The key component to Bloomberg Law’s pitch is its proprietary search functionality, called “Snap, I Found It.” The company claims this technology will quickly make lawyers realize that the days of Westlaw and LexisNexis are numbered. According to Bloomberg Law’s promotional materials, the “Snap, I Found It” feature can handle the most ridiculous search phrases and locate the case law that can support even the most incomrehensible arguments. In very limited instances when a case can’t be located, "Snap, I Found It" will generate a comprehensive analysis as to why looking for the case in the first place was a really stupid idea.
Before the launch of this new functionality, lawyers' only options were the often disappointing “Focus” and “Locate” features offered by LexisNexis and Westlaw. These tools were of little help to lawyers who were given tasks like finding a case in Montana that allows for a defendant to avoid paying damages when the jury awarded a verdict for the plaintiff. With “Snap, I Found It,” the lawyer can confidently either locate the case or print out a Bloomberg Law certified response that such a case simply can't be found.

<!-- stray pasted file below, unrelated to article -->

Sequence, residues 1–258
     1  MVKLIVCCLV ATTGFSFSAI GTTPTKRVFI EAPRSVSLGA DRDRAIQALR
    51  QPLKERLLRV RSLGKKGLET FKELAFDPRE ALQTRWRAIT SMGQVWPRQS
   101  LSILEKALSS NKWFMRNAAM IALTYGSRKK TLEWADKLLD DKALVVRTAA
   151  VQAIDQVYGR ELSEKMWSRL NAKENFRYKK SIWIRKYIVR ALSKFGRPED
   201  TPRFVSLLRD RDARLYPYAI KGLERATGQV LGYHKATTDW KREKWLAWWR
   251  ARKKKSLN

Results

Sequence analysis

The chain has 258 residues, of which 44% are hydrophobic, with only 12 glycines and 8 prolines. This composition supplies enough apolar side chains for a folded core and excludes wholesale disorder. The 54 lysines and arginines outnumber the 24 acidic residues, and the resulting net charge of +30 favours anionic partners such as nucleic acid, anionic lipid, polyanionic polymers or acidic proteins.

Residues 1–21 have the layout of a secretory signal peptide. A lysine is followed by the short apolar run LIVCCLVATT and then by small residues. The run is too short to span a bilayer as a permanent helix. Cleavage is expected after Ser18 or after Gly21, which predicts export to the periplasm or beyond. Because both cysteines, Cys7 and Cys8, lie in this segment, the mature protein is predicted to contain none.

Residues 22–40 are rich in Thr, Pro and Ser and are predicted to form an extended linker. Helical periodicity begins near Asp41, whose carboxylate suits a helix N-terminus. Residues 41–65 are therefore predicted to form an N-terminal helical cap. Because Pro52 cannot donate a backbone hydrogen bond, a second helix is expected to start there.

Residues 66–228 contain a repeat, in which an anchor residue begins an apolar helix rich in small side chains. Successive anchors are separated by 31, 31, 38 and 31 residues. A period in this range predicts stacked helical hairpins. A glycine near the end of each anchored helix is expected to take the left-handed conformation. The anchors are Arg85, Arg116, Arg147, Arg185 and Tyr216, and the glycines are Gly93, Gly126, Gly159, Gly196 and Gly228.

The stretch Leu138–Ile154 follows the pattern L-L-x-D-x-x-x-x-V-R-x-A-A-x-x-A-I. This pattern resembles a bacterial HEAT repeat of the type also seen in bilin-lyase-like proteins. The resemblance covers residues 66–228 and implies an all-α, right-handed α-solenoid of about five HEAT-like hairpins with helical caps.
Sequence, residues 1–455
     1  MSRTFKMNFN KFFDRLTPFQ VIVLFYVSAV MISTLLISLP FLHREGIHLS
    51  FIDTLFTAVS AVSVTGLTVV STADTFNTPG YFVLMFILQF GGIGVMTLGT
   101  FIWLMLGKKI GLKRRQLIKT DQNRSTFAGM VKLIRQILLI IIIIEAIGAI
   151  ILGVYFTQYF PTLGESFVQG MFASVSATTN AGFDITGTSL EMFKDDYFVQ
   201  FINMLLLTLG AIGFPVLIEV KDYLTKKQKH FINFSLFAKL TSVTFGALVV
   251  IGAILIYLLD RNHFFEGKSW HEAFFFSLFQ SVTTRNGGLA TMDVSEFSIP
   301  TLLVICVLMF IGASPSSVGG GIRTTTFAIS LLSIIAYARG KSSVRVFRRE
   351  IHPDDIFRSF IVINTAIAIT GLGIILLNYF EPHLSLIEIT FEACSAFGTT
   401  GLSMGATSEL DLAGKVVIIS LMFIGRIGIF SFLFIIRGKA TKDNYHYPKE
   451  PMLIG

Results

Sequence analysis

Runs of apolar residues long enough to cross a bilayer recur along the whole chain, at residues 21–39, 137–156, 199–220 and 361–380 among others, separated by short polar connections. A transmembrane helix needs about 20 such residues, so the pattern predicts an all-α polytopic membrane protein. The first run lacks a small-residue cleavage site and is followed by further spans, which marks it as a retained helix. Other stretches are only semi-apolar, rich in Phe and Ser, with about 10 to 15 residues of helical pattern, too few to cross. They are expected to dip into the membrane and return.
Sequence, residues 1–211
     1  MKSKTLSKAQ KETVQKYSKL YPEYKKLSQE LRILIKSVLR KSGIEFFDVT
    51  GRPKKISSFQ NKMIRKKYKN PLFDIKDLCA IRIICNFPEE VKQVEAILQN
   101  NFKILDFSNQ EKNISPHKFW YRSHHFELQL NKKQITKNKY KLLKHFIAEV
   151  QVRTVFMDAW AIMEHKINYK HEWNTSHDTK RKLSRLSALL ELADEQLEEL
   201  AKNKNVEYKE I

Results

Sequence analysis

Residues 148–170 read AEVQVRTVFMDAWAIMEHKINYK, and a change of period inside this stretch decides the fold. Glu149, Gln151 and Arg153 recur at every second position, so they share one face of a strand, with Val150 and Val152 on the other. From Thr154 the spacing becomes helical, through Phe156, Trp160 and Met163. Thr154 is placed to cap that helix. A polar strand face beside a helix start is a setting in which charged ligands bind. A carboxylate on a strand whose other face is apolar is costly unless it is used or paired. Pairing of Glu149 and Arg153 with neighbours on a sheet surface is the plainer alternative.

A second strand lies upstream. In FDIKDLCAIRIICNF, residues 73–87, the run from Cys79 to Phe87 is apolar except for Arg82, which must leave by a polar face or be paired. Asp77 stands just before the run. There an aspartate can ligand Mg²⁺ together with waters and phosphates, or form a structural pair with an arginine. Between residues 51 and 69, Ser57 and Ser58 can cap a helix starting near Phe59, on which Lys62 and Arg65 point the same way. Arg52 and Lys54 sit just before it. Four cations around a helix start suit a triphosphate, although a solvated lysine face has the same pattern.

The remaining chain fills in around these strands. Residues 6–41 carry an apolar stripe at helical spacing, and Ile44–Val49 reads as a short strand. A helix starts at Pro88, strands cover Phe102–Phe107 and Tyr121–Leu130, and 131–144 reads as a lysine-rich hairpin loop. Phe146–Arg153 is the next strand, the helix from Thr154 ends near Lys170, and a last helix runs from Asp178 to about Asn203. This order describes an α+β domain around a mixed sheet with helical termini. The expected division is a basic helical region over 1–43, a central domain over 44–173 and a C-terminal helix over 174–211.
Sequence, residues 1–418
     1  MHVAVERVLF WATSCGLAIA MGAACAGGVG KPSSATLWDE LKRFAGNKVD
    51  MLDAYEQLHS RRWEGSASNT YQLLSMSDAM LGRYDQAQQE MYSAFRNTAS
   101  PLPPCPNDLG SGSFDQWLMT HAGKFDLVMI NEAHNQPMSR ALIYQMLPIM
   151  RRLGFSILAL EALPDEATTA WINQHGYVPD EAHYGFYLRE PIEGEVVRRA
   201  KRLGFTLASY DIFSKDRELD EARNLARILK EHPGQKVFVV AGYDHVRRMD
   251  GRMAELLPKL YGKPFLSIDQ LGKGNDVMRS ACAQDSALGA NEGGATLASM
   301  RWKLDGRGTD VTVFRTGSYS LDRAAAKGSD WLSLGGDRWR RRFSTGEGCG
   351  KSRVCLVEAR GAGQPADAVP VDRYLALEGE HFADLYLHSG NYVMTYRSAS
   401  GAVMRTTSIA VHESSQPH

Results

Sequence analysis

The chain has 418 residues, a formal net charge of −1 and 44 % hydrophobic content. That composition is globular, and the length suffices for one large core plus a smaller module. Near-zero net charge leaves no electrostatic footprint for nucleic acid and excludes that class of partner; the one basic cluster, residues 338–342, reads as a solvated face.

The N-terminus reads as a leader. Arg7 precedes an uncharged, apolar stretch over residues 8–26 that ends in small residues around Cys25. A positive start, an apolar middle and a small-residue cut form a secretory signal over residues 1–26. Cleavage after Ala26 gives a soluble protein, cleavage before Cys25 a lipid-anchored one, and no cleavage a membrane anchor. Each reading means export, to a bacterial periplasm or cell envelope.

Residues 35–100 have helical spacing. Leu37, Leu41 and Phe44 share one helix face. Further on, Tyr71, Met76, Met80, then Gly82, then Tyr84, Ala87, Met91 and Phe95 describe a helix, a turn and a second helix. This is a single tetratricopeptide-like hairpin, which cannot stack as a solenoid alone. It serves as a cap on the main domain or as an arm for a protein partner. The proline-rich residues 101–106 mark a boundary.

Lawyers everywhere are chomping at the bit to the use the new technology. “Honestly, I am really kind of angry at LexisNexis after making me press ‘focus’ on my searches all of these years,” explained an attorney who asked to remain anonymous out of fear that he'd lose his weekly free time. “Focusing is kind of my job so please just give me the results already.” Other lawyers claim that Westlaw’s ‘locate’ feature makes them feel ridiculous. “Locate? That's what I was trying to do with my initial search. Seems like there's a problem with the software and not the searcher," explained an annoyed attorney who identified herself as a 50-state survey aficionado. “I can’t wait for another option in the legal world."
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This looks like it could be a major improvement for those working in the legal profession. Westlaw and Lexis Nexis still use many archaic database search constructions and have websites that are far from intuitive to use.
Now if only Google would join the fray...